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At TechRepublic, we aspire to provide our readers with a fair and honest assessment of virtual private networks they may invest in. To achieve this, we believe it’s important to share how we evaluate VPNs, what criteria are used to rate each aspect of a VPN and how it all adds up to our final star rating.

We use an in-house algorithm that’s built upon five main categories: pricing, core VPN features (e.g., encryption, server network), ease of use, customer support and expert analysis. Each category is then weighted to account for how important it is to our audience of technology buyers.

SEE: Brute Force and Dictionary Attacks: A Guide for IT Leaders (TechRepublic Premium)

While our algorithm is subject to change, these categories are the main pillars by which we assess each VPN. If you have differing opinions on our chosen criteria, we encourage you to use our methodology and reviews to inform your own evaluation of a particular VPN.

Below is the breakdown of how we review VPNs.

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Pricing (20%)

Pricing accounts for 20% of our total score for VPNs. This category comprises subcriteria that include but are not limited to:

  • Multiple subscription options.
  • Accessible free trial.
  • Option to use a free version.
  • Pricing relative to the competition.
  • Overall value for money.

Core VPN features (30%)

Core VPN features, such as servers and security protocols, account for 30% of our total score. This category consists of subcriteria that include but are not limited to:

  • Security reputation and lack of data breaches.
  • Encryption and VPN protocols.
  • No-logs policy and independent audits.
  • Server network (server count and country spread).
  • VPN speed and performance.
  • Ability to unblock geo-restricted content.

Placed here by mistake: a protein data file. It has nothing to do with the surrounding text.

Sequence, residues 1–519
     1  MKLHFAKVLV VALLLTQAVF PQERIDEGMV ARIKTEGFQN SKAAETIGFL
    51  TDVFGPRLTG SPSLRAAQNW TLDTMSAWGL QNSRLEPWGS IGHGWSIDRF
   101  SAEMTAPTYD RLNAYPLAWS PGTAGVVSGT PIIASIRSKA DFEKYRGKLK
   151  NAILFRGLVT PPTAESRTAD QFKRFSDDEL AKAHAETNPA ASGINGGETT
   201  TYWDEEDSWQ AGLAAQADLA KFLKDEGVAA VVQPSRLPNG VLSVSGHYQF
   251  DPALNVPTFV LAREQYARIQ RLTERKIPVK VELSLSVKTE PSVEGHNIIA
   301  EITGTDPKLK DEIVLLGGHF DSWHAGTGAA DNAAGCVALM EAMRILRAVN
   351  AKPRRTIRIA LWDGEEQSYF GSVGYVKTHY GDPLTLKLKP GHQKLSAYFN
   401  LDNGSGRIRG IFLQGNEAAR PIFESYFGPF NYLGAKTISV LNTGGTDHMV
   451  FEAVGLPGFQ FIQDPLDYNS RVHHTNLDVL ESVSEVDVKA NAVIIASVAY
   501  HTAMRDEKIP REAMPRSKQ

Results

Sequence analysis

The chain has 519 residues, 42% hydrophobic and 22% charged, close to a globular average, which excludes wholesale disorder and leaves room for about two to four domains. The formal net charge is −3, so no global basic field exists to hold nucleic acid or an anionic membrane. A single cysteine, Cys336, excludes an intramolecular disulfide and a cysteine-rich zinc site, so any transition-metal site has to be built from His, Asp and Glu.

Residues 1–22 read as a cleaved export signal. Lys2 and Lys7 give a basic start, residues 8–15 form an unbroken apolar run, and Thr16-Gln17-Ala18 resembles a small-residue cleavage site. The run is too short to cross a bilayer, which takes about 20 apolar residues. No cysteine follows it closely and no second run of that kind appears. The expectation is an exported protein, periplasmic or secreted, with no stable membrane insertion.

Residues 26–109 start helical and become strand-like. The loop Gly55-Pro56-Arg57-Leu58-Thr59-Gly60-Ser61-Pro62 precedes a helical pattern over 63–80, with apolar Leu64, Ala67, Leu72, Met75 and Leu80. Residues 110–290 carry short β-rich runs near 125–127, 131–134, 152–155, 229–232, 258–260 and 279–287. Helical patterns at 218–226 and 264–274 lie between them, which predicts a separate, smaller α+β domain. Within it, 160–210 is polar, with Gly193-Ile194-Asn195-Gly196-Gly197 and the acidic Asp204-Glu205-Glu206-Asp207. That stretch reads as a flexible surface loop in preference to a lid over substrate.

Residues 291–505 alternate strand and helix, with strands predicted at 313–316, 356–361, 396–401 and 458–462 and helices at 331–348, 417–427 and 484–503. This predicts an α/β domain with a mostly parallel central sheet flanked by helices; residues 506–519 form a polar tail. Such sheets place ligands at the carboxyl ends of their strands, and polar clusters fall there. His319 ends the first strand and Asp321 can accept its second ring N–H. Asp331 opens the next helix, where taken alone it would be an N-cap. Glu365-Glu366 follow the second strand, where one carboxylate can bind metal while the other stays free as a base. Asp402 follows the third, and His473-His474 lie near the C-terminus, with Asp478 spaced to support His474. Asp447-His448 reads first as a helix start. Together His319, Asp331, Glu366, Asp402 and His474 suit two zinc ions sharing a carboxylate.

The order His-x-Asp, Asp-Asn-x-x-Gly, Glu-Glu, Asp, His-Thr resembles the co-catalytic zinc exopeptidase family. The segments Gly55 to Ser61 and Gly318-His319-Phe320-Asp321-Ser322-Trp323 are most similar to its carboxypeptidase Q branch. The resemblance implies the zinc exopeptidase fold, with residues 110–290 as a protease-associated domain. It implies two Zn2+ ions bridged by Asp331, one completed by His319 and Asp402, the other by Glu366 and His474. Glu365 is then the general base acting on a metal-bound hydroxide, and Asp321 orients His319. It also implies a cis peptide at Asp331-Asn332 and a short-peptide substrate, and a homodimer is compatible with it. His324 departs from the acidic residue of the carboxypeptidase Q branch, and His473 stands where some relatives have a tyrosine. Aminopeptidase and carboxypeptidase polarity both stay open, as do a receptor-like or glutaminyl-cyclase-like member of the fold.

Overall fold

• Easy server switching.
  • Split tunneling capabilities.
  • Protection against DNS leaks.
  • Built-in kill switch.
  • Ad, tracker and malware blocking.
  • Support and availability on multiple platforms.

Ease of use (15%)

Ease of use accounts for 15% of our total VPN score. This category comprises subcriteria that include but are not limited to:

  • Intuitiveness of user interface.
  • In-app design.
  • Installation and setup difficulty.
  • Ability to establish connections.

Customer support (30%)

Customer support accounts for 30% of our total VPN score. This category consists of subcriteria that include but are not limited to:

  • Support options for customers (email, live chat, phone, etc).
  • How quickly customers get a response after posing a question or issue.
  • Availability of help resources such as guides, forums and tutorials.

Expert analysis (5%)

Expert analysis accounts for 5% of our total VPN score. This category consists of subcriteria that include but are not limited to:

  • Personal experience with the product itself.
  • Inclusion of features that set the VPN apart from other providers.
  • Ease of research, which includes availability of demos, product documentation and other materials to verify information.

Our VPN evaluation research methods

To get a holistic view of each VPN we review, we prioritize analysis gained through in-house and hands-on user testing. We also supplement our findings through product demos, documentation and verified customer feedback on sites that include but are not limited to:

  • Gartner Peer Insights.
  • Community forums.

How do I choose the best VPN for my organization?

Choosing the best VPN for your business will largely depend on your organization’s particular circumstances and needs. While there isn’t one perfect solution, there are a few key things you can do to get the most out of a VPN subscription.